thick yellow vinyl
covered in blood,
fat, and more
removing gloves
of black nitrile
sterilizing each table
and floor
the band saw
until nothing remains
of this one life
hosed down the drain

and the grass-fed,
locally raised,
has been neatly processed
in a stainless steel plant
near the field
that once was its home–
a freezer now

and the circle of life
on a ranch is on full display
when each cow’s life
ends this way

© Copyright 2021 Brooks Bradbury / BrooksLooks / All Rights Reserved

BrooksLooks@ Two Broken Hearts

an injured leg
a vicious break
then the inevitable steps
a vet must take

adrenaline runs wild
with anguish and stress
their only relief
is in her caress

a needle takes away his pain
as uncertainty grows in wild eyes
then a final, fatal injection
Fuzzy’s strong heartbeat dies

two hearts lay broken
in the dust on the ground
after a raging storm
tears rain down
on Fuzzy’s neck
still warm

how she will miss him
and the sweet love they shared
their burdens and joys
how deeply she cared

there are hoofbeats in heaven
where Fuzzy runs free
down here a dark empty stall
a snip of mane and a memory

our herd is diminished
as sweet Fuzzy dies
his life sanctified
by the tears in her eyes

© Copyright 2020  Brooks Bradbury / BrooksLooks / All Rights Reserved

BrooksLooks@ Grandfather’s Poems

i re-rēad your poems
at the end of my life
the ones you wrote at
the beginning of yours

at a tender age
you learned too well
about violence, evil and
the upheaval of world wars

your poems speak of death
as you knew it first-hand
your search for sanctuary
in war-torn land

i rēad your reminders
of how we must live
how much we have
how we must give

[i seek his wisdom
in hints he would intersperse
as a grandson reads his
grandfather’s verse]

© Copyright 2020  Brooks Bradbury / BrooksLooks / All Rights Reserved

BrooksLooks@ Dying, Revisited

in thinking
about death
and lately, why
man-made things
and life itself
all seem to die

i think it’s best to leave
the dead things dead
to focus on living now
and what might lie ahead

but looking back
at the many ‘bridges’
that provided
us some security
in life’s rear view mirror
we clearly see,
they were all
quite temporary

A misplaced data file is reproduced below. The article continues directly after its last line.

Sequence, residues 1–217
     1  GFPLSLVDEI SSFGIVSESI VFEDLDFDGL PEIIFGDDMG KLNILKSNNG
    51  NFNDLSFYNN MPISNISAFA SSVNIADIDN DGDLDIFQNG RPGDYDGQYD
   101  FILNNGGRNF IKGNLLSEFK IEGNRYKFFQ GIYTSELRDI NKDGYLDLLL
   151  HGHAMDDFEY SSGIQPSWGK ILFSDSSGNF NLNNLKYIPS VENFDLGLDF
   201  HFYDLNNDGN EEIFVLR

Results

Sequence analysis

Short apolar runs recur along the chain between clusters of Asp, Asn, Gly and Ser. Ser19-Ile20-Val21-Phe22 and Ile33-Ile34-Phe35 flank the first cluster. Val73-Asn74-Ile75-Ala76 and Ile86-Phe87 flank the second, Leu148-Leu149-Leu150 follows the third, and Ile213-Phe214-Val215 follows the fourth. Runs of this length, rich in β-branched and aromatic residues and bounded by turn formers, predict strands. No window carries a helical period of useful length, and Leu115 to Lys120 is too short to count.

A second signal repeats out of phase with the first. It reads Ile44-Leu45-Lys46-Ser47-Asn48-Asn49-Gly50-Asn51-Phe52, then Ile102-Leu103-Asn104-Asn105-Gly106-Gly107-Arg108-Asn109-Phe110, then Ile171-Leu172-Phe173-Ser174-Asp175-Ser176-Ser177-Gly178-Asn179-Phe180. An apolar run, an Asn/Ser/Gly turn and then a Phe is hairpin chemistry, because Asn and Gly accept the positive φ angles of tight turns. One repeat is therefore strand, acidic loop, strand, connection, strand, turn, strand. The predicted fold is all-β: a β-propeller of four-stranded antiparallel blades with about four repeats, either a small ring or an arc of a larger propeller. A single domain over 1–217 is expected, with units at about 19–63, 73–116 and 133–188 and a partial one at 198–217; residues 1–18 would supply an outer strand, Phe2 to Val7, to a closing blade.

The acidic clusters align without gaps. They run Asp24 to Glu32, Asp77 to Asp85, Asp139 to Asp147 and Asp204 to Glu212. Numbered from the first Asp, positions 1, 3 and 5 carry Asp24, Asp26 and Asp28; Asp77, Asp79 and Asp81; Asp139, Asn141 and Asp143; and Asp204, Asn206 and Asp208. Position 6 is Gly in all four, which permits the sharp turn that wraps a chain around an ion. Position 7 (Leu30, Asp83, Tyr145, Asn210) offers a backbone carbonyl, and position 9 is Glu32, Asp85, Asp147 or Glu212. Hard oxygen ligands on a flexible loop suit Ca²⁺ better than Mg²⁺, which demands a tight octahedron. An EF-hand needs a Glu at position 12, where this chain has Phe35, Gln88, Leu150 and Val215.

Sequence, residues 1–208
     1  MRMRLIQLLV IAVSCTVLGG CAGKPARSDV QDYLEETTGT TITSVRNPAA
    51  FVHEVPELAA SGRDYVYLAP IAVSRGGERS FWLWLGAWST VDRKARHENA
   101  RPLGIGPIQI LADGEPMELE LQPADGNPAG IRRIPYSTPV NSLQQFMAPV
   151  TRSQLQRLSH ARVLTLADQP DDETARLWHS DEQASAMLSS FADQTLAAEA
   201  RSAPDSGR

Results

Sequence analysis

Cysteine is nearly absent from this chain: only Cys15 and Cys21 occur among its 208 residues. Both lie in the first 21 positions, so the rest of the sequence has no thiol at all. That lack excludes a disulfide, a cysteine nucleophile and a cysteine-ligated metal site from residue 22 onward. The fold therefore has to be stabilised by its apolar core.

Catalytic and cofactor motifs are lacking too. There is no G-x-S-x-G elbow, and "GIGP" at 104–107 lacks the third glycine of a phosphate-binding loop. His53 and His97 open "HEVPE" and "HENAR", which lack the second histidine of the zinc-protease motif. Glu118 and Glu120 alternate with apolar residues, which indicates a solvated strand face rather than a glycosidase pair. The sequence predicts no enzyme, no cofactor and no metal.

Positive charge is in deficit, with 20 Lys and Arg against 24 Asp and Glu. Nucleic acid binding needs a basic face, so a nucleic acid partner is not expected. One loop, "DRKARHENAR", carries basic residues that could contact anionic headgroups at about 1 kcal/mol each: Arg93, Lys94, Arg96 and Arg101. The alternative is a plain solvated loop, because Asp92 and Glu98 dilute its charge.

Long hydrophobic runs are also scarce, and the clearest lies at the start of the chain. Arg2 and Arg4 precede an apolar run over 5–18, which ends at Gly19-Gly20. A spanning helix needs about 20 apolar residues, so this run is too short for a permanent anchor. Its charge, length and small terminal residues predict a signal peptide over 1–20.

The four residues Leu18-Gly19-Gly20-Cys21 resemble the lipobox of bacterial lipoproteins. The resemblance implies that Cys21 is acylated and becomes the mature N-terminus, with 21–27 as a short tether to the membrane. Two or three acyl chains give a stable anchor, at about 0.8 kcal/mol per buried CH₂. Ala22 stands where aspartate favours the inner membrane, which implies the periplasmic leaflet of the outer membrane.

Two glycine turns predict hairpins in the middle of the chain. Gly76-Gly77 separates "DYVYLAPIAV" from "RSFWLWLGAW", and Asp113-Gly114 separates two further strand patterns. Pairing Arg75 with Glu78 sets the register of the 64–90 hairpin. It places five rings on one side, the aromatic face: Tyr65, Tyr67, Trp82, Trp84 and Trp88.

in the face of death
we may try
to stand our ground
to resuscitate
to hang around
if there’s even a shred
of life left
but we should really leave
dead things dead
focus on living
carry on
if only bereft

what else in our lives
is at a last resort?
what do i behold
just this one time?
i cherish the moments
knowing life is sublime
knowing now that
time is short

i learn to let go
sanctifying the space
knowing something better
will take its place
one of life’s lessons
is to let dead things be
to savor life and each
sweet memory

© Copyright 2020  Brooks Bradbury / BrooksLooks / All Rights Reserved

BrooksLooks@ Our Beloved Country

senseless acts
so many whys
under a heavy knee
a good man dies

and the haters hate
and the extremists seethe
and our country falters
when good men can’t breathe

vigilante killers 
spread extremist lies
blood on their hands
a good soul dies

lost, grieving families
are shattered
thoughts and prayers
hardly mattered

who did this?
why did he hate?
what was his name?
what were the motives?
on hallowed ground
flowers are laid
with flickering votives

why my beloved country
have we not resolved
inequality and hatefulness
why when we need them most
have our leaders dissolved?

tears pour out
from so many eyes
our own children afraid
when a good person dies

can’t hold back this flood
as another dies
in a river of blood

a great nation cries

too many are gone
too many whys
an ocean of tears
from American eyes

© Brooks Bradbury 2020 | BrookLooks

BrooksLooks@ The Big Dipper

sometimes a hat
jaunty and confident
when i feel like that

sometimes a ladle
pouring goodness
out onto our table

sometimes a question mark
compounding my doubt
written in stars
up there in the dark

sometimes a weapon
as to strike with a pan
as if holding it out
in defense of a man

one morphs to the other
as the weeks go by
and the stars re-align
i look for a sign

© Copyright 2019 Brooks Bradbury / BrooksLooks

BrooksLooks@ Old Country Inns

walking through
the grounds
of the old inn
here in town
sad to see the
shades were drawn
guests were gone

the tavern’s dark
its kitchen’s cold

some peeling paint
a great old inn
is a bit less quaint
and a bit more old

it had bustled with life once
celebrations of love
were held in the dining room
and in guestrooms above
fine meals were savored
first dates were held
wedding parties danced
where happiness dwelled

now but a shell
of what it once was
an inn has died
perhaps because
of a focus lost
or changing winds
or foreboding times
for country inns

my soul still haunts these
authentic old inns 
along winding back roads
where the country begins

kindly innholders
welcome each guest
on creaky floors
and a comfortable rest
generous spirits
where joy is expressed
forever, we will love
old inns the best

we would drive on for miles
past motels and chains
in search of a place
that still retains
the spirit of welcome
and human kindness
in full measure
we find it here
life’s real treasure
lies within
the best place to be
is at an old country inn

© Copyright 2020 Brooks Bradbury / BrooksLooks

BrooksLooks @ Chapters

life’s many moments
and all of its chapters
written in ledgers and tomes
kept for years
in the rafters
of so many homes

now that it’s late
it’s time to take a few down
to review, reconsider
what’s written
on ancient pages
turned yellowish brown